Also, thinking about what you are looking or hoping for as an outcome. Are you hoping that you and your siblings can start having a weekly conversation? So you want to schedule a weekly phone call. Think intentionally what is it that you’re looking for out of the sibling relationship.

I love the two points that you made, Allison. One, that  we’re not responsible for how our parents raised us. I think that’s so important because so often we’re just like, “Well, the youngest got away with everything.” That may be true but it’s not the youngest’s fault that the parents chose to do that. Two, that we really should instead of focusing on the positive outcomes, not the negative. We all respond better to positivity than we do to negativity.
Allison: Let’s use the holidays as an example, Maybe these are the topics you don’t want to bring up or you don’t want to discuss. What would you like to talk about? Do you want your sibling to ask you about work? Do you want your sibling to ask about your hobbies? Providing some direction, I think, can be really helpful especially when a relationship hit a rocky point. People often don’t know what to do and that sort of awkwardness and fear can become kind of overwhelming. And so if you can say, “Here are the things that I’m really hoping that we can talk about” or “Here are the things I’d really like to do with you.” So maybe sitting around and talking isn’t where you are in your relationship but maybe you could plan an activity together. “Maybe we could all go for a hike together. Maybe we could go do shopping together,” whatever sort of makes sense given your interests and other things. But again sort of focusing on what you’re looking for to happen. So again, focus on the positive.

Also when we can make those determinations ahead of those fraught times of year like Thanksgiving, December holidays, anniversaries and/or birthdays, that can really help too. For our own kids too, just helping them to focus instead of thinking about all the negative things their sibling did, I always remind them of the positive things as well to kind of balance it because I think our human nature is that we just sometimes automatically focus on the negative.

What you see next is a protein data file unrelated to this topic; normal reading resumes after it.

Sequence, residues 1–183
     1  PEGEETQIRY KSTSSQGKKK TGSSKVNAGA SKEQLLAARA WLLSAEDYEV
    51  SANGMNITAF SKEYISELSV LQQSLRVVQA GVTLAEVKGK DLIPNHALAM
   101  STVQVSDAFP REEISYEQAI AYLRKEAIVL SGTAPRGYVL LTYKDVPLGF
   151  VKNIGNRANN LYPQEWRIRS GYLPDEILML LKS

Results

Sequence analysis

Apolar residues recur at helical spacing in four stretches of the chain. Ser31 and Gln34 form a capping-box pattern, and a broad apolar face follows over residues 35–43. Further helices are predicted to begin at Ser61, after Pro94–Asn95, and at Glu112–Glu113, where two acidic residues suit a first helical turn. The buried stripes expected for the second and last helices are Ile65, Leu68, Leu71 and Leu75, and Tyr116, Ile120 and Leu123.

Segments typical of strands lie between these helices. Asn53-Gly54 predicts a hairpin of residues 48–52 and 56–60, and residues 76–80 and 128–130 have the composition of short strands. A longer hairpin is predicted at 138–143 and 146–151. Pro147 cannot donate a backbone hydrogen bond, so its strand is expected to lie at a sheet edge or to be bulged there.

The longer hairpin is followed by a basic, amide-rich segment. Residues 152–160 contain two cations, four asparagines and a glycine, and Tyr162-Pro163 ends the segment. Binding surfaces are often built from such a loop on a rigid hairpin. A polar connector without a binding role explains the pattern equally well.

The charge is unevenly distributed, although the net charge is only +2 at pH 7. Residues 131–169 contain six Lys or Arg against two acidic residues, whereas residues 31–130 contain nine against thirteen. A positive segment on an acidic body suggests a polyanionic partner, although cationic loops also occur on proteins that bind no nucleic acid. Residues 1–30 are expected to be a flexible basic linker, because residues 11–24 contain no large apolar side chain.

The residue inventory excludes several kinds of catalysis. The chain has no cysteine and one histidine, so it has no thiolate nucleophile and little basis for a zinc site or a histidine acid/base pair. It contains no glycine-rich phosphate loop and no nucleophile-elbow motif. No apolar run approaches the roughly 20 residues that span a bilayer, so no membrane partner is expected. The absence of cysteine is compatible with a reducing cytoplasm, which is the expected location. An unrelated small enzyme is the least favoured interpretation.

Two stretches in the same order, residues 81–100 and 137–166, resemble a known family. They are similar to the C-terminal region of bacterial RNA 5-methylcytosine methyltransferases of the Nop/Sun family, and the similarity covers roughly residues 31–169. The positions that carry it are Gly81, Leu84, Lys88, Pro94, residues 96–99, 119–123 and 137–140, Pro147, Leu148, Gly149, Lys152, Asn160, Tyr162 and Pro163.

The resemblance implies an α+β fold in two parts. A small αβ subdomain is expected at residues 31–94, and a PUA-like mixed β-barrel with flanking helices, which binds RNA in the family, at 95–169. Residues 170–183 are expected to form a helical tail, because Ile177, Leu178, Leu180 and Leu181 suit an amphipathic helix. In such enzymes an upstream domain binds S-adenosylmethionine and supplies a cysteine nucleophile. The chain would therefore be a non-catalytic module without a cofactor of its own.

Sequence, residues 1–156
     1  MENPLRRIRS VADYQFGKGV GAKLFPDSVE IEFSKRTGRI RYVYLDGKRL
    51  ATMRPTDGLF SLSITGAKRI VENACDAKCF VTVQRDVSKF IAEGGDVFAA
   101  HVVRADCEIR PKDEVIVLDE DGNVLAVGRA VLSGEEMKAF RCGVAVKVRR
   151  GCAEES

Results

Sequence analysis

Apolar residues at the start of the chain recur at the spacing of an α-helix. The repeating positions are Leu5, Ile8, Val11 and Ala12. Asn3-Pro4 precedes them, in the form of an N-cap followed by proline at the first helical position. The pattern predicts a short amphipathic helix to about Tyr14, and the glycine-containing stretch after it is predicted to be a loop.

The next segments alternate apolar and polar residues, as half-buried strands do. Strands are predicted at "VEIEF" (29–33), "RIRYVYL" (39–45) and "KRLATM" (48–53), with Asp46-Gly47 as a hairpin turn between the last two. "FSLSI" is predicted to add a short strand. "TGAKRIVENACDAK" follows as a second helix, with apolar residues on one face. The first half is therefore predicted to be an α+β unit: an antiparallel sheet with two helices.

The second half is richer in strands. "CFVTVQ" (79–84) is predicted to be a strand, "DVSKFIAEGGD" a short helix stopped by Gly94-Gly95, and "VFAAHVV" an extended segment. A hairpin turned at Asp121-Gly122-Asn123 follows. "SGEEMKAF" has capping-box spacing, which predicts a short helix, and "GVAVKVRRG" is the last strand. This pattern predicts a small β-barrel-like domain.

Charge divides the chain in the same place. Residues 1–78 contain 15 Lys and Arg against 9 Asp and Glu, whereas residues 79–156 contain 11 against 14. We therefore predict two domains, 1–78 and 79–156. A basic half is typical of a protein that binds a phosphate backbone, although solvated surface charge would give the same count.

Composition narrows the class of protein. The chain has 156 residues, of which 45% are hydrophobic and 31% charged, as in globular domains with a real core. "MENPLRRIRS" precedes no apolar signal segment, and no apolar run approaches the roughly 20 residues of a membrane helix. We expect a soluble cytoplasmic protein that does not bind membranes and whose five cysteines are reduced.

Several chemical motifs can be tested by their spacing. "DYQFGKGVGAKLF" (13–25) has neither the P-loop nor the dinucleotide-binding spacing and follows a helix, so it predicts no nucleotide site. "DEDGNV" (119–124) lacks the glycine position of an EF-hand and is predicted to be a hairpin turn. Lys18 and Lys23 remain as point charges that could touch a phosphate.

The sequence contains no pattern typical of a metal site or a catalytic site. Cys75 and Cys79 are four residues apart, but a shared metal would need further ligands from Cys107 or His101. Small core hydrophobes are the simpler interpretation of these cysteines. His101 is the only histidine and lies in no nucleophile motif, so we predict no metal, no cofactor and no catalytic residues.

Allison: There’s been some really interesting research about that part of what makes people sort of get stuck in a depressive cycle or an anxiety cycles is that they cognitively can’t remember anything but the upsetting times and the difficult times. They simply can’t recall their memory of the good things that have happened, their positive attributes and characteristics. Having someone else point that out can be incredibly helpful.

Is there anything else that you want to mention that we can either do as parents or adult siblings to strengthen that bond between our brothers and sisters?
Allison: Remember that sibling relationships are complex, and they’re going to have ups and downs like any other relationship, whether we’re talking about children or teens or adulthood. There are just going to be certain times when we might have more in common with one another, more shared interests and we might be closer as a result of that. And then there are maybe other times where, because of other stressors going on, where we might not be as close. So cutting our children and ourselves a little bit out a break and just recognizing that if we’re in this for the long haul, we have to accept that there is going to be some ups and downs. But dedicating ourselves to the process and letting our siblings know that we’re dedicated to it as well is  an incredibly important part to making sure siblings know that they are valued.

To hear more great advice and stories from Allison, listen to “Why Siblings Matter” on the “You’ve Got This” podcast.